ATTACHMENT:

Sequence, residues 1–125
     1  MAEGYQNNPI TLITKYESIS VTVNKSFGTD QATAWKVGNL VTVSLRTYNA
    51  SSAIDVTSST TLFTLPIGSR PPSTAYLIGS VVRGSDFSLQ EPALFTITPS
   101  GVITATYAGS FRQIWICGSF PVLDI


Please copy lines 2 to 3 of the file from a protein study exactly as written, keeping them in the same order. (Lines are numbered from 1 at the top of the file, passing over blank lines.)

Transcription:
     1  MAEGYQNNPI TLITKYESIS VTVNKSFGTD QATAWKVGNL VTVSLRTYNA
    51  SSAIDVTSST TLFTLPIGSR PPSTAYLIGS VVRGSDFSLQ EPALFTITPS